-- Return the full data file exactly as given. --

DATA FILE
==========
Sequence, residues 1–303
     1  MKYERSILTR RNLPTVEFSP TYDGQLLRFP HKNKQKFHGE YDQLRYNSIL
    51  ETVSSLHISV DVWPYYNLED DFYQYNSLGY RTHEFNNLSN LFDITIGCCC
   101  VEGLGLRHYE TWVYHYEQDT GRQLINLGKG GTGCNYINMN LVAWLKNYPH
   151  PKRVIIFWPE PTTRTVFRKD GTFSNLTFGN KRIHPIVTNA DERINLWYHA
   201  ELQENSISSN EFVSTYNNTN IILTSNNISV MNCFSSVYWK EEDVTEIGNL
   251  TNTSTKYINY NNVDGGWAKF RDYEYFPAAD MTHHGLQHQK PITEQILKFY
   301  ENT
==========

Sequence, residues 1–303
     1  MKYERSILTR RNLPTVEFSP TYDGQLLRFP HKNKQKFHGE YDQLRYNSIL
    51  ETVSSLHISV DVWPYYNLED DFYQYNSLGY RTHEFNNLSN LFDITIGCCC
   101  VEGLGLRHYE TWVYHYEQDT GRQLINLGKG GTGCNYINMN LVAWLKNYPH
   151  PKRVIIFWPE PTTRTVFRKD GTFSNLTFGN KRIHPIVTNA DERINLWYHA
   201  ELQENSISSN EFVSTYNNTN IILTSNNISV MNCFSSVYWK EEDVTEIGNL
   251  TNTSTKYINY NNVDGGWAKF RDYEYFPAAD MTHHGLQHQK PITEQILKFY
   301  ENT